September 30, 2021

A barista’s guide to drink development


Around the world, some specialty coffee shops stand out from the rest. While branding, aesthetic appeal, and convenience are all key factors, ultimately it will be drink quality that sets them apart and keeps customers coming back.

However, making sure that beverages are always high-quality can be difficult. This is why drink development is a crucial aspect of café management. It can make the difference between a good coffee shop and a great one. 

But developing a new beverage is far more complex than just bringing in a new coffee from your supplier. There are several challenges you might encounter along the way.

To learn more, I spoke with two US Barista Championship competitors. They told me more about what drink development is and how they approach it for competitions and café management. Read on to find out what they said.

You might also like our article on how café owners can tap into the cold brew market.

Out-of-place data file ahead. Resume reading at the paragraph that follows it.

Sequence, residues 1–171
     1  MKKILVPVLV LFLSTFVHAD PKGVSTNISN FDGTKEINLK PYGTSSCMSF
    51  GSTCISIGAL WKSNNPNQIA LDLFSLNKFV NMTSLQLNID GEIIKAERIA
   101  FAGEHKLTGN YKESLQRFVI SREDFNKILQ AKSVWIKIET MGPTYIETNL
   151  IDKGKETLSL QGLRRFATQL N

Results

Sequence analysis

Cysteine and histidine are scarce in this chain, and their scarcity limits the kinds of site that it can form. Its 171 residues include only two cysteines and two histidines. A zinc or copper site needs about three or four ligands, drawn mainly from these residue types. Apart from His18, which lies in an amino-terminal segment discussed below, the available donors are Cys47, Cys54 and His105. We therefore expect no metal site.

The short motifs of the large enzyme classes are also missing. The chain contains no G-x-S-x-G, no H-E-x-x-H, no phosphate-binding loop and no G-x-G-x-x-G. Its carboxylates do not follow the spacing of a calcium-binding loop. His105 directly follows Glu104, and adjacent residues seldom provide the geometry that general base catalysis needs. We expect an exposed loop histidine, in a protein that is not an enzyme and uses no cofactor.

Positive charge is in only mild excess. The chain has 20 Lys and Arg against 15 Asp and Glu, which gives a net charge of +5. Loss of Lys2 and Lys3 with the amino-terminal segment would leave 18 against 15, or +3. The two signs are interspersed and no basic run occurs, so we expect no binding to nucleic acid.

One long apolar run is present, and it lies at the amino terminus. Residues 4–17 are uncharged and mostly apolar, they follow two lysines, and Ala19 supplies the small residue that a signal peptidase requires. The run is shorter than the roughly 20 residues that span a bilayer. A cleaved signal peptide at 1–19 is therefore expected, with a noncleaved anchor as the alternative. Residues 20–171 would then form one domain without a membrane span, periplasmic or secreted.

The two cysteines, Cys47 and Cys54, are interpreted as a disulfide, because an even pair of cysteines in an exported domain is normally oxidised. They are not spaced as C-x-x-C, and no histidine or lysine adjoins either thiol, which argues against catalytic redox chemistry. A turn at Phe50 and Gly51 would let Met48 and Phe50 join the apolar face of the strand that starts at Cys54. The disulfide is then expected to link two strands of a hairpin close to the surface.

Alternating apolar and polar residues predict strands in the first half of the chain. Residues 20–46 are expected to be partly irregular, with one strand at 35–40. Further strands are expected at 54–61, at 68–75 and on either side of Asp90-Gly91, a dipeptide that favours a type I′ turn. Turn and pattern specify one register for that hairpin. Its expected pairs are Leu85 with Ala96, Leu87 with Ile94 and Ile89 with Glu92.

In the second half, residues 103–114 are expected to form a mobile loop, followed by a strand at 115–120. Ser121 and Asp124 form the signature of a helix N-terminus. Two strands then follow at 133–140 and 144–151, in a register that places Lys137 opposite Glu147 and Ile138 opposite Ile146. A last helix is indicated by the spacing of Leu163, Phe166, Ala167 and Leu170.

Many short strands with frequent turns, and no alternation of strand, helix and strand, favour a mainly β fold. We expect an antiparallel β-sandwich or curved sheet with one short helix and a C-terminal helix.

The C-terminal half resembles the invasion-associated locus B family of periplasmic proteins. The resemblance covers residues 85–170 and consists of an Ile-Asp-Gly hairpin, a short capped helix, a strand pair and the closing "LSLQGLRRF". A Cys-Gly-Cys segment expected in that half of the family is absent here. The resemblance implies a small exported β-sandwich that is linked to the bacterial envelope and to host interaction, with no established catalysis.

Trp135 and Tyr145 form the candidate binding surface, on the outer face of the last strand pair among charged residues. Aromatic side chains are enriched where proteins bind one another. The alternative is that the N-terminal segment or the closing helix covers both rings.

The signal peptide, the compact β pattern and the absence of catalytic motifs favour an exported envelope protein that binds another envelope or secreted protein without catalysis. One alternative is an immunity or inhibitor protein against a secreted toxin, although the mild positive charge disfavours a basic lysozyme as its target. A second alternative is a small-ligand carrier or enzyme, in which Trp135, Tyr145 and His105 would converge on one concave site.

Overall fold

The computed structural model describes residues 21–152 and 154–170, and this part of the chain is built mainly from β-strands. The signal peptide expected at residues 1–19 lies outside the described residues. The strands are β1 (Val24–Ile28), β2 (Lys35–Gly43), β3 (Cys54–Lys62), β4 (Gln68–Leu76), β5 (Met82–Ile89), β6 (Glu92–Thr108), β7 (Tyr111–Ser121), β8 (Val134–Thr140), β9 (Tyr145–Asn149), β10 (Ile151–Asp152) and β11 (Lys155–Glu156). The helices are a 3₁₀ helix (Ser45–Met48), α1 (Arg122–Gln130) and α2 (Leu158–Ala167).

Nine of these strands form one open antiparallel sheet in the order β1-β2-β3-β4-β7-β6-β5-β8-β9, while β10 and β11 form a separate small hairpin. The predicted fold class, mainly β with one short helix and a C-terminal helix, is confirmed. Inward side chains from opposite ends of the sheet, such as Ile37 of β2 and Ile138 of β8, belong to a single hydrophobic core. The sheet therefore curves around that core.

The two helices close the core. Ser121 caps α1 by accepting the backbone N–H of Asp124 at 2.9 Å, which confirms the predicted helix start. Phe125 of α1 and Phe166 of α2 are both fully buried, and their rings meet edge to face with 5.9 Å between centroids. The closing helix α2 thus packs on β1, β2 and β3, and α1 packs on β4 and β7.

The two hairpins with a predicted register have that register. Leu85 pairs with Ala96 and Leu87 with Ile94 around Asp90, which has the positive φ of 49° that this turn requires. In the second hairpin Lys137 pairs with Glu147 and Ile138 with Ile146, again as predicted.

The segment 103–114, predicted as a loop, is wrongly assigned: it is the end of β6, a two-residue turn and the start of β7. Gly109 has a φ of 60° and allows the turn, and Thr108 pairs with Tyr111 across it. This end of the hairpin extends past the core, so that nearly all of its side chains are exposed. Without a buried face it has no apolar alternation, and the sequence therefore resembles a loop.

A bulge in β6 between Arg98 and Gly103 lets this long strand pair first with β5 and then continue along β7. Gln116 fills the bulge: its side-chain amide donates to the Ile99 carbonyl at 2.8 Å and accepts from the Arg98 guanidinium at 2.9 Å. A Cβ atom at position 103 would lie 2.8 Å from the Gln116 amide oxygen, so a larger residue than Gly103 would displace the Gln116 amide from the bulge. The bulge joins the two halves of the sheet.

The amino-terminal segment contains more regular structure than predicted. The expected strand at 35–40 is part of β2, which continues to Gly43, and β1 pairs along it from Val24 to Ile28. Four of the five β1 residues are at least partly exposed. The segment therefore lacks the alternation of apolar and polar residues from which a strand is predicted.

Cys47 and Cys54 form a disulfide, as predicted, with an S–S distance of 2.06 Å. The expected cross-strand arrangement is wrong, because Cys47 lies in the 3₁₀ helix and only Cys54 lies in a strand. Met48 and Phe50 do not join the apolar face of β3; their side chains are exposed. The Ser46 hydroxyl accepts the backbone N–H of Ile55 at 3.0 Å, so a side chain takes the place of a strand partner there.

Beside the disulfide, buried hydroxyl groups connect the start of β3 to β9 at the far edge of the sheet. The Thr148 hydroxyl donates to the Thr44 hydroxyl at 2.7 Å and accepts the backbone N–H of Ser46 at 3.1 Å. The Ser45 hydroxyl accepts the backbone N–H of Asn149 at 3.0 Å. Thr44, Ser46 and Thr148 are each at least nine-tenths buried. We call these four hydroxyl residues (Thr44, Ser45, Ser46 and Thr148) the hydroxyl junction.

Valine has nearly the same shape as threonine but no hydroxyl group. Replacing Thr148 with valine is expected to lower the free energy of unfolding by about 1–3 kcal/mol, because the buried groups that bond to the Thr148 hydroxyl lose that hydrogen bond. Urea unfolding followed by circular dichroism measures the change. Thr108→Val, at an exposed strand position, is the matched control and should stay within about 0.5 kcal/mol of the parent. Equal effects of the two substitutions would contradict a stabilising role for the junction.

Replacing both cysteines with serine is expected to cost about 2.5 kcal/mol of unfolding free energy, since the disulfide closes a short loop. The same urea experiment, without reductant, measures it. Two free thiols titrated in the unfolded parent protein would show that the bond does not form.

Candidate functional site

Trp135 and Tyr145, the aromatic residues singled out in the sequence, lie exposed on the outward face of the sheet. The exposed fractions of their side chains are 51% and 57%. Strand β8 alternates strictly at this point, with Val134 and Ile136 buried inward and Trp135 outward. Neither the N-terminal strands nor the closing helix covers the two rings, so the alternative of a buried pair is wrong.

barista using pour overs

Developing drinks for competitions

If they’ve recently competed in a barista competition, there’s every chance that a championship barista or café owner may want to start offering a winning recipe as a signature beverage at their coffee shop. However, this isn’t always a smart move.

Anthony Ragler is a US Barista Championship competitor, and he’s also the Regional Developer at Black & White Roasters in North Carolina, USA. He tells me that the two approaches aren’t as similar as you might think, and notes that a big part of serving signature drinks at competitions is the atmosphere and the service.

He says: “Whenever it comes to competition drinks, everything has to bend to the flow of customer service in the routine. Your drink can taste great, but how does it play into the story that you’re telling?

“The story that I decided to tell is how our history is made by making the most out of what we’ve been given. Like the idea of taking lemons and making it into lemonade. I literally took a lemon and squeezed it into bergamot for my routine.”